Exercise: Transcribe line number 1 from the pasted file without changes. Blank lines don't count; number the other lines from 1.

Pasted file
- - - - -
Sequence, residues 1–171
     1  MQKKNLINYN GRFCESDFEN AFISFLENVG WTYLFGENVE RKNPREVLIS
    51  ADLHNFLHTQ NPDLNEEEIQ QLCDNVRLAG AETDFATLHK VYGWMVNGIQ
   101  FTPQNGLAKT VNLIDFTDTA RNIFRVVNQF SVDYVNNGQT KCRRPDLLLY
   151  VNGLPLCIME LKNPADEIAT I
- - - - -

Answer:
Sequence, residues 1–171